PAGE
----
Because I will be attending the American Educational Research Association (AERA) Conference, Blog Response #2 will be an online assignment due before and during class time on Monday, April 16th. Note that this assignment has two parts, Part A and Part B.
For this blog post, you will analyze the Linguistic Shape of You project of another classmate. I have scanned and uploaded all of the images that I received, and they are pasted as jpeg and pdf files on the same post.
Read a bit of information about visual literacy below:
Visual Literacy Inquiry
Graphic designer Erin Riesland (2005) suggests that students who are learning to
incorporate visual literacy into their thinking consider the following questions:
- What am I looking at?
- What does this image mean to me?
- What is the relationship between the image and the
displayed text message?
- How is this message effective? (Riesland, 2005, para. 10)
The Grammar of Visual Design
- A grammar is the rules and constraints on what can be represented.
- A grammar is a social resource of a particular group.
- Visual grammar is not transparent and universally understood. It is culture specific.
- Visual grammar cannot be separated from verbal grammar or any other grammar.
- Individuals freely combine elements from languages they know to make themselves understood.
Visual literacy is the ability to analyze images, which often includes some text. The assignment from Essay 1 integrates both visual and linguistic grammar. What can a close reading of these projects tell us about each other?
ASSIGNMENT TASK-PART A: Due before 9:15am
- Review each of the linguistic bodies posted on the Essay 1- The Linguistic Shape of You post.
- Choose ONE body to focus on.
- Answer the four questions from Riesland’s Visual Literacy inquiry that are listed above. Be sure to support each response with evidence from the image. Be specific!
- Answer the following additional questions: Idiolect is a word that refers to the language variety that is unique to an individual. We also refer to this as one’s linguistic repertoire. What does your chosen body reveal about your classmate’s linguistic repertoire? What does the word choice and placement reveal about your classmate’s personality?
- As with all blog posts, your response should be 250-300 words. Post all of your responses as new comments underneath the ‘Linguistic Shape of You’ post. DO NOT post your comments here. (Let’s see who is reading closely…)
- Your blog response is due before 9:15am on Monday, April 16th. I will not be available to accept the comments, so they will not post immediately. However, each comment will receive a timestamp, so ensure that yours is posted before 9:15am.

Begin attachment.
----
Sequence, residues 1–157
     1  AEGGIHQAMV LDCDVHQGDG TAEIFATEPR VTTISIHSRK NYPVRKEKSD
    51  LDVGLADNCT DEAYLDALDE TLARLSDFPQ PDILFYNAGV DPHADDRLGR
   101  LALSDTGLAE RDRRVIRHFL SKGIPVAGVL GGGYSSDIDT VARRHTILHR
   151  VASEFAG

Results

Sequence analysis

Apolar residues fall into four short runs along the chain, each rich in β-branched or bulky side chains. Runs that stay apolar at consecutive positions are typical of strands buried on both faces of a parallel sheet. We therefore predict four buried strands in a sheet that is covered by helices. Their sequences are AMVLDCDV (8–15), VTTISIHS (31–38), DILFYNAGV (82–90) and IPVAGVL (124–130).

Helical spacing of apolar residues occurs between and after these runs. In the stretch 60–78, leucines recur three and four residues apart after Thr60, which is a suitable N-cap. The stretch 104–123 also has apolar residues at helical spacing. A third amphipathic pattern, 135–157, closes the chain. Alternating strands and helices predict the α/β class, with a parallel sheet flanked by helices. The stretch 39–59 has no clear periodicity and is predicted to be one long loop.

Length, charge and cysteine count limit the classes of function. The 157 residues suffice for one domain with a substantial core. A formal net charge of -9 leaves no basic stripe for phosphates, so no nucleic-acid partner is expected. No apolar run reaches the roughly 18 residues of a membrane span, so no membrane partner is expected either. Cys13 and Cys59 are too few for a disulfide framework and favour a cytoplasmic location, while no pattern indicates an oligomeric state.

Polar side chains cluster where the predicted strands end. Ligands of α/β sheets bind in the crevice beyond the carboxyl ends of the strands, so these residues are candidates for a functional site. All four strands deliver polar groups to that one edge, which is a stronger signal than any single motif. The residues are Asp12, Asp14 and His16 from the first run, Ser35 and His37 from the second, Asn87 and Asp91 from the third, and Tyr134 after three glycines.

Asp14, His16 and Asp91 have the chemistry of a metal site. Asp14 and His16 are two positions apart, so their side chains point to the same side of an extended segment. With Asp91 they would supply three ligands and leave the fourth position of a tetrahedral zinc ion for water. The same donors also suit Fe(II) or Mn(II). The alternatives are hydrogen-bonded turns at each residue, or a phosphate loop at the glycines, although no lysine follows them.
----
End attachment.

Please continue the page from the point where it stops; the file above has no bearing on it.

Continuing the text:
ASSIGNMENT TASK-PART B: Due before 10:15am
- Choose ONE poem or section of a longer poem that we have been assigned to read so far.
- Read through this handout from Duke University on writing a poetry explication.
- Craft a poetry explication by answering the following questions:
- Who is the speaker?
- What is the structure of the poem? Does it rhyme? Is it divided into clear stanzas?
- Does the poem fall into an identifiable subgenre—for example, is it a sonnet, ballad, haiku, or dramatic monologue?
- What, primarily, is the poem about, and how do you know that?
- Diction (word choice): Why has the poet chosen these particular words? What words might she have used instead, and why were they rejected in favor of others?
- Imagery: What images does the poem evoke? How are they evoked? How has the poet placed them? How do different images connect or contrast with one another?
- Literary devices: What kind of figurative language is the poem using—for example, simile, metonymy, hyperbole, apostrophe, or conceit? What about symbolism or literary allusions?
- Other aural and visual details: What about punctuation? When read aloud, do the sounds of the words contribute to the poem’s meaning?
- Your explication should take the form of 1 well-organized paragraph. Post all of your explications as new comments underneath THIS POST.
- Your poetry explication is due before 10:15am on Monday, April 16th. I will not be available to accept the comments, so they will not post immediately. However, each comment will receive a timestamp, so ensure that yours is posted before 10:15am.